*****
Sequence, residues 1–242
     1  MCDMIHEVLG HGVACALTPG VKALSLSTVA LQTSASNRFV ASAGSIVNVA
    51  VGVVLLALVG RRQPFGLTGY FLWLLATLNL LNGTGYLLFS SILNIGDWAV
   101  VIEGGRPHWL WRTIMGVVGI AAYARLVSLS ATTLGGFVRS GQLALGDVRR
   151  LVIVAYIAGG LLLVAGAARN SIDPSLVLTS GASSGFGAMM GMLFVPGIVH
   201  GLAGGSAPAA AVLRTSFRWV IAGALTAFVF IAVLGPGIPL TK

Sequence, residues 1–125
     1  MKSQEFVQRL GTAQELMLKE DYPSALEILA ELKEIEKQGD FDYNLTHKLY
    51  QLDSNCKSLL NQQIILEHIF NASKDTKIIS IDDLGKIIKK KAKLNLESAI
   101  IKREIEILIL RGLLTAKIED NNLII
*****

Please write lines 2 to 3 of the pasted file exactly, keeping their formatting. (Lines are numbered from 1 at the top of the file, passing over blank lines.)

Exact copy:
     1  MCDMIHEVLG HGVACALTPG VKALSLSTVA LQTSASNRFV ASAGSIVNVA
    51  VGVVLLALVG RRQPFGLTGY FLWLLATLNL LNGTGYLLFS SILNIGDWAV